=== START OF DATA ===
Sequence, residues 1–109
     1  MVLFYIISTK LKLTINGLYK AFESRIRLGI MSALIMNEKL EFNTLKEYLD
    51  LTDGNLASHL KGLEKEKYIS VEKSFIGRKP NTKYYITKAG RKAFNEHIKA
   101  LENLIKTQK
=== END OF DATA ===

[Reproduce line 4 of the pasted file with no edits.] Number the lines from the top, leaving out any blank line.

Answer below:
   101  LENLIKTQK